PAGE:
LOS ANGELES (CNS) – After reviewing weather forecasts between Florida and the West Coast, NASA officials confirmed today that the space shuttle Endeavour will take off aboard a modified Boeing 747 tomorrow morning from Kennedy Space Center en route to Los Angeles.
NASA experts conducted a weather briefing this morning and determined the cold front that forced a two-day delay in the shuttle’s departure would be a safe distance from the flight path, although a final weather review will be made at 2 a.m. California time Wednesday.
According to NASA, the Shuttle Carrier Aircraft — on which Endeavour is mounted — will back out of its hangar at Kennedy Space Center at 1 a.m. California time Wednesday, with takeoff scheduled for 4:15 a.m. PDT.
“Following takeoff, the SCA will head south along the coast and turn back north above the Indian River for one final low pass along Florida’s Space Coast,” according to an online update from Kennedy Space Center. “It will pass over Cape Canaveral Air Force Station, Kennedy, the Kenndy Space Center Visitor Complex and Patrick Air Force Base. The cross-country journey is scheduled to end Friday, Sept. 21, with a landing at LAX.”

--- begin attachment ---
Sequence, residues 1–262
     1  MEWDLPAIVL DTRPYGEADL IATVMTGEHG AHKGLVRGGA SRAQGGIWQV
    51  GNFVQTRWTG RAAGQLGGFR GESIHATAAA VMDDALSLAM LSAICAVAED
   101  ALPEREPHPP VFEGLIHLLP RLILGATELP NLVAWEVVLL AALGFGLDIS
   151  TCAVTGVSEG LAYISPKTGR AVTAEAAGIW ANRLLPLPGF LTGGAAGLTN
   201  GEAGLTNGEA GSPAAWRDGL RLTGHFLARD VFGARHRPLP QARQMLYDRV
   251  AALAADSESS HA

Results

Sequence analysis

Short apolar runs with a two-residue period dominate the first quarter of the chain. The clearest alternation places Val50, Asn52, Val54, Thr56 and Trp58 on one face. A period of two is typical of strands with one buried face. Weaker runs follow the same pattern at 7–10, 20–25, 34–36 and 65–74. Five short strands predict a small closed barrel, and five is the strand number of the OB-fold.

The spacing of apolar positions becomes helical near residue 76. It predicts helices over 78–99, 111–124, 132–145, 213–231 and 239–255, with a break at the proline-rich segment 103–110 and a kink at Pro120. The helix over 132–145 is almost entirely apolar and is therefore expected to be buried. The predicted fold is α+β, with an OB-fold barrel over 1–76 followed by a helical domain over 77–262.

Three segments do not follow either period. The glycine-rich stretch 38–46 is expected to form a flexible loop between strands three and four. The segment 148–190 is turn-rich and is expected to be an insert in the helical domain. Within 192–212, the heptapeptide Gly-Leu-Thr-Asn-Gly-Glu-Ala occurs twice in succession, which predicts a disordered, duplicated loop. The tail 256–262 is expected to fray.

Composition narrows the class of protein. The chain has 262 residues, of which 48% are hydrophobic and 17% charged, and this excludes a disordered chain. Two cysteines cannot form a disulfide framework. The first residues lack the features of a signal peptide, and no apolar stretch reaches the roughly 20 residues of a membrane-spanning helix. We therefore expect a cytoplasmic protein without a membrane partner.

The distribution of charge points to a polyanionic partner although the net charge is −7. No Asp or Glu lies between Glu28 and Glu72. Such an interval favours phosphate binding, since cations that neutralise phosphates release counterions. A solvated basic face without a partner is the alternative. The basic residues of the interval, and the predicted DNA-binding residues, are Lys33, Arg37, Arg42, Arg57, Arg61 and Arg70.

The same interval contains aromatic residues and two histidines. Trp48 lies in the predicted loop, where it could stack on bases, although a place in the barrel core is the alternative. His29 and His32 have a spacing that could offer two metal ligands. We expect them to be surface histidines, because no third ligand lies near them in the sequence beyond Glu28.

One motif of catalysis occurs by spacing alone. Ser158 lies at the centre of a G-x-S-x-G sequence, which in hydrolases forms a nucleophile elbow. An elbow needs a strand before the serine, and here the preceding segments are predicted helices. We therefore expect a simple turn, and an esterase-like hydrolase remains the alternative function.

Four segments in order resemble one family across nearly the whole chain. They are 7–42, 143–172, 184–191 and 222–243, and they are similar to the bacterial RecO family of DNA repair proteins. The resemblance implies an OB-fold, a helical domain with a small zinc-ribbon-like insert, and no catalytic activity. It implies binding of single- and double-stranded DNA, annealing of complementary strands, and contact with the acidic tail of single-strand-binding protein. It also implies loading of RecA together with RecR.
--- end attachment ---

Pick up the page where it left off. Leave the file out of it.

The shuttle is expected to land Wednesday night at Ellis Field near Johnson Space Center in Houston, then takeoff at sunrise Thursday morning en route to Dryden Flight Research Center at Edwards Air Force Base, where it will spend the night.
Endeavour will take off from Dryden Friday morning and make low-level flyovers of San Francisco and Sacramento before circling back south toward Los Angeles International Airport. It is expected to make flyovers of the Southland to give people a view of the shuttle before it arrives at LAX between 11 a.m. and noon.
The shuttle will remain at a United Airlines hangar at LAX until Oct. 12, when it will begin a two-day journey on city streets to the California Science Center at Exposition Park, where it will go on permanent display.
Endeavour made 25 missions into space, spending 299 days in orbit and circling the Earth 4,671 times, traveling nearly 122.9 million miles, according to NASA.